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The 10 Elements of Healthy Relationships
Healthy relationships are built, sustained and nurtured using these few simple elements over time.


Scott Webb
Compromise and flexibility are just two simple ideas to keep in mind when building a stronger marriage.


Telling the truth is the foundation upon which lasting relationships are built.”
Our most rewarding relationships are based on the following 10 elements of healthy relationships. The real work of maintaining our relationships is to keep each of these areas evolving and working for everyone involved. If each participant does their part by showing up in these 10 areas, while avoiding the unhealthy behaviors of drama, using, or manipulation, relationships become healthy, easily maintained and sustainable.

Here are the 10 elements of healthy relationships:

1. Trust. Relationships are built on trust. Trust is earned when each participant keeps and fulfills commitments, agreements and promises. Trust is also dependent upon the level of honesty exchanged. If truth is lacking between two people, then there is probably little trust. If truth and honesty are missing in the relationship, then trust suffers or is nonexistent.

2. Communication. For effective communication to occur in relationships, it must have the elements of responsiveness, openness, and honesty. Taking the time to respond thoughtfully rather than simply reacting always serves us better. Open and honest communication deepens the bond between people and leads to lasting relationships.

3. Honesty. Telling the truth is the foundation upon which lasting relationships are built. With a high degree of truth telling, agreements in relationships can be based on facts rather than assumptions, partial truths, or lies. Healthy relationships require a high degree of honesty and integrity.

4. Reciprocity. Reciprocity is the give and take in relationships that shifts over time. Healthy relationships give and take in patterns of reciprocity that are mutually beneficial to both parties. When patterns of reciprocity are balanced, then a relationship feels vibrant and both parties feel energized and fulfilled when they come together and when they part.

5. Time. Relationships are developed, built and maintained over time. It is important to look at the relationship as a whole; and avoid getting caught up on one event or uncomfortable moment, but rather seeing how isolated events relate to the totality of your interactions. You canít look at one isolated incident or event to decide the fate of a relationship. There are some deal breakers, but there are often many more deal makers in relationships that make them worth the effort over time.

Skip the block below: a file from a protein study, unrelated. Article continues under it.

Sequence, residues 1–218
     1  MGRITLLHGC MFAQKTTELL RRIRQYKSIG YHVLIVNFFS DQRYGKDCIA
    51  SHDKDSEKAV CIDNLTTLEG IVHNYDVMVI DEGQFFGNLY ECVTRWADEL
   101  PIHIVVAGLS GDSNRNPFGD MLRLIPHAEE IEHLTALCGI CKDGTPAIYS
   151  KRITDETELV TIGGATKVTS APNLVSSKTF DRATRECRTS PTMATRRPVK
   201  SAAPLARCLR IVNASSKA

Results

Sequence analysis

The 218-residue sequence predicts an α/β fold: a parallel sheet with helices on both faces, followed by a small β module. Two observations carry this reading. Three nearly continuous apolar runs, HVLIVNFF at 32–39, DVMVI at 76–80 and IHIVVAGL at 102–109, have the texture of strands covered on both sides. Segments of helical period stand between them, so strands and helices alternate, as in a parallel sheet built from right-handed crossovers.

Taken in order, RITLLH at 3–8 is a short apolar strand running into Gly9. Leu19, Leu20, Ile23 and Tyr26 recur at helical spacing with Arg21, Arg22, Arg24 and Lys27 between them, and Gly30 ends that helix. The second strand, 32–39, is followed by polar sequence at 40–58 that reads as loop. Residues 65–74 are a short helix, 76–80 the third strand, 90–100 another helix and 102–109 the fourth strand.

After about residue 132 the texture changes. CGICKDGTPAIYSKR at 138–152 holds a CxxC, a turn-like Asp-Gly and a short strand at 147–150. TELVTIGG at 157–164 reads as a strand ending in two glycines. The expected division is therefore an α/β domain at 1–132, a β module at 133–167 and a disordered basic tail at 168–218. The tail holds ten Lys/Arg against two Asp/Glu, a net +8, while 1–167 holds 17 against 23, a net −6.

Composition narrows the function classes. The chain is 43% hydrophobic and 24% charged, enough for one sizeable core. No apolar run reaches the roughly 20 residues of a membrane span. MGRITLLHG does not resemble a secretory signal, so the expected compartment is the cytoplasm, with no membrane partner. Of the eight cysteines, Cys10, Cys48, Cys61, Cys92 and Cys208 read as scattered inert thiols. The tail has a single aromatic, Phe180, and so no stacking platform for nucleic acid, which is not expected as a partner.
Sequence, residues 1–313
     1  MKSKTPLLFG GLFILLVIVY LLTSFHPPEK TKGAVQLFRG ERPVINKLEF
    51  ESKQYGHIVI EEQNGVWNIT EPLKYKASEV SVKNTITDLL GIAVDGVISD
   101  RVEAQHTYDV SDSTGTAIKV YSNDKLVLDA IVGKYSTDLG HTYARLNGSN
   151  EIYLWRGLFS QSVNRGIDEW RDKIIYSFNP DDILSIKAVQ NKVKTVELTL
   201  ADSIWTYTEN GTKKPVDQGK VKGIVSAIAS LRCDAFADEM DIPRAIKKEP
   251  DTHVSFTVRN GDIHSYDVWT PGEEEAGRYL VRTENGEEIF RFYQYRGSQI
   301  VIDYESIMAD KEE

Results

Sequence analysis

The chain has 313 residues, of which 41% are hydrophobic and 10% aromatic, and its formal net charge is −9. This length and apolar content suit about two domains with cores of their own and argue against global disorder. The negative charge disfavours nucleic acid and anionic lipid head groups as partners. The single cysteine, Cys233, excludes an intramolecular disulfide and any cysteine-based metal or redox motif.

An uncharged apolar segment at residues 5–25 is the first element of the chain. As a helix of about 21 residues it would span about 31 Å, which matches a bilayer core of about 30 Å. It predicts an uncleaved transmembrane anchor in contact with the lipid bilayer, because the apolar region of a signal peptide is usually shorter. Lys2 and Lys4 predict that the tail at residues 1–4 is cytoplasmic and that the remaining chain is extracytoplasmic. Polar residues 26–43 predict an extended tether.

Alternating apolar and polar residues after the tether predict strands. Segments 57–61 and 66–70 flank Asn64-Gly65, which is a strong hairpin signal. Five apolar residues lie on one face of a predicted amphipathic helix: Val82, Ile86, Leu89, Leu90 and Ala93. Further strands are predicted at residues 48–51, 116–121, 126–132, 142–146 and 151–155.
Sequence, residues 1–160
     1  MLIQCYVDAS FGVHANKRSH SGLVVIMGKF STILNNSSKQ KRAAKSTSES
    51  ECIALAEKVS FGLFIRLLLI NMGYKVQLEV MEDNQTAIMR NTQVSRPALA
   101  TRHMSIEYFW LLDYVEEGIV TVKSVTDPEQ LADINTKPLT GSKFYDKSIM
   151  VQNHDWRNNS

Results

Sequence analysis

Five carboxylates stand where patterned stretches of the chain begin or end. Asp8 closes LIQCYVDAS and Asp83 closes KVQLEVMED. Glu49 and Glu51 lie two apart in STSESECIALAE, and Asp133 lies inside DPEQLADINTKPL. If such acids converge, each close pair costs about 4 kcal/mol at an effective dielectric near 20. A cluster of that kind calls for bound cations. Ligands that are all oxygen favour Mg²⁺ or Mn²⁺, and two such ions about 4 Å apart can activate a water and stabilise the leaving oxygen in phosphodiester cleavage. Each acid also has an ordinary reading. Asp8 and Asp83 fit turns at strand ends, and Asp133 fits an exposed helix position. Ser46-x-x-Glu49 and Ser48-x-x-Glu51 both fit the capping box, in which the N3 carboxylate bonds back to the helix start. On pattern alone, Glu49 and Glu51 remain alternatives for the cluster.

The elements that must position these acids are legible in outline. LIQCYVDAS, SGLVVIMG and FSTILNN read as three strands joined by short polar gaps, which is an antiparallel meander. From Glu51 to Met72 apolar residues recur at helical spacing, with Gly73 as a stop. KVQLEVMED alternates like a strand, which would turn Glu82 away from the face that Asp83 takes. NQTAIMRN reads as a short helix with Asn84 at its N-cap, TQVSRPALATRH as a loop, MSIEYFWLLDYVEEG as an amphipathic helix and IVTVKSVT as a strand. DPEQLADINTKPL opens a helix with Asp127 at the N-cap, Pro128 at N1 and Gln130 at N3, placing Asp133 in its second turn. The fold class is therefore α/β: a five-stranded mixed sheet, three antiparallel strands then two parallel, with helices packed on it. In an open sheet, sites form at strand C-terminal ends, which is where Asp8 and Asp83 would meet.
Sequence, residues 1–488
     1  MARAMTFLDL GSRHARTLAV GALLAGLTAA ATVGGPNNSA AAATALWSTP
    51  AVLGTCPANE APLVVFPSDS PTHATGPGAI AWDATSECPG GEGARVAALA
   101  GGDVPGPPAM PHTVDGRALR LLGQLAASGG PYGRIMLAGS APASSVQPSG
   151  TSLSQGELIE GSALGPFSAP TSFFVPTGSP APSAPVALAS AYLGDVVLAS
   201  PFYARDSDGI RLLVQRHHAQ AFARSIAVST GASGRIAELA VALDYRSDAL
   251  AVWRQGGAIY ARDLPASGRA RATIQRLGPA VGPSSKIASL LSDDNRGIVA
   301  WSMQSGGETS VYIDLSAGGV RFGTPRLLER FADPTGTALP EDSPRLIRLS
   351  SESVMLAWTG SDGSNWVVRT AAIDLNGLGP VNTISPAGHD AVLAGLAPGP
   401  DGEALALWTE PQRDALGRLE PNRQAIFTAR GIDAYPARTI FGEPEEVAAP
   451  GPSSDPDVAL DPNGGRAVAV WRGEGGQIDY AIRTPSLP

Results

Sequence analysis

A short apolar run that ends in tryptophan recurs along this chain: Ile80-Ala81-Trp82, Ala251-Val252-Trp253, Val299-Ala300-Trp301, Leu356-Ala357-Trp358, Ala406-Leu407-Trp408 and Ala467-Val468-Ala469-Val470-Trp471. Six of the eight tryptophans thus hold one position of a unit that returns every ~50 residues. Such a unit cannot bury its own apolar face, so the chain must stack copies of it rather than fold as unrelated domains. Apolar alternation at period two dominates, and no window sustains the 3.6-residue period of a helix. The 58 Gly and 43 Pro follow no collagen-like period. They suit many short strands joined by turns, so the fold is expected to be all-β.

“A healthy relationship always has moments of disagreement; and conflict resolution reveals each personís ability to compromise for mutual solutions.”

6. Compromise. People give and take (compromise) in ways nurturing to both people and the relationship. A healthy relationship always has moments of disagreement; and conflict resolution reveals each personís ability to compromise for mutual solutions. People who are flexible and compromising find their relationships evolve organically and peacefully, even during times of conflict. What would the world be like if we all took personal responsibility for conflicts that arise?

7. Shared Values. There is a natural tendency in all of us to seek those with similar values and beliefs. We do not always have to agree on our beliefs to have healthy relationships, but our shared values in certain areas often influence the capacity for healthy relationships to evolve. When we share most of our common values with another person, it is much easier to find common ground and makes for more compatible relationships.

8. Shared Interests. Being in a relationship is coming together to engage, and one of the ways we come together is through our shared interests and corresponding shared experiences. Some relationships seem to require a variety of experiences to keep them interesting and engaging, while others find comfort and enjoyment in the ritual of repeated activities together. The layering of shared experiences is how we come to know one another.

9. Respect. A relationship always begins with a precedent of mutual respect, but how it proceeds from there determines how respect unfolds in the relationship. You respect people when you value what they say, or you value what they do, and the best form of respect exists when both are present. Respect is built on words and actions based on honesty and truth.

10. Support. Through our care and support we nurture the relationships in our lives. Support is not only about helping each other through the difficult times, but also showing up to celebrate our successes in the good times. While our family of birth may provide that fiber of support early in our life, developing your chosen family built on reciprocal support brings us the resilience we can depend upon to nurture and sustain us in both the bad times, and the good times.

Looking at each of the elements dynamically over the course of time, rather than expecting all elements to be present at any static point in time, keeps our relationships fluid and resilient. When each element is present in our relationships, then the healthy relationships are sustainable over a lifetime, returning to us the gift of joy and happiness we seek in all of our relationships.

Steven DeSalvo is the author of the book†"Relationship Dynamics,"†which looks at how we develop and sustain healthier dynamics in relationships that last a lifetime. Connect with Steven on Twitter at†@BecomeAdult†or visit www.BecomeAnAdult.com.

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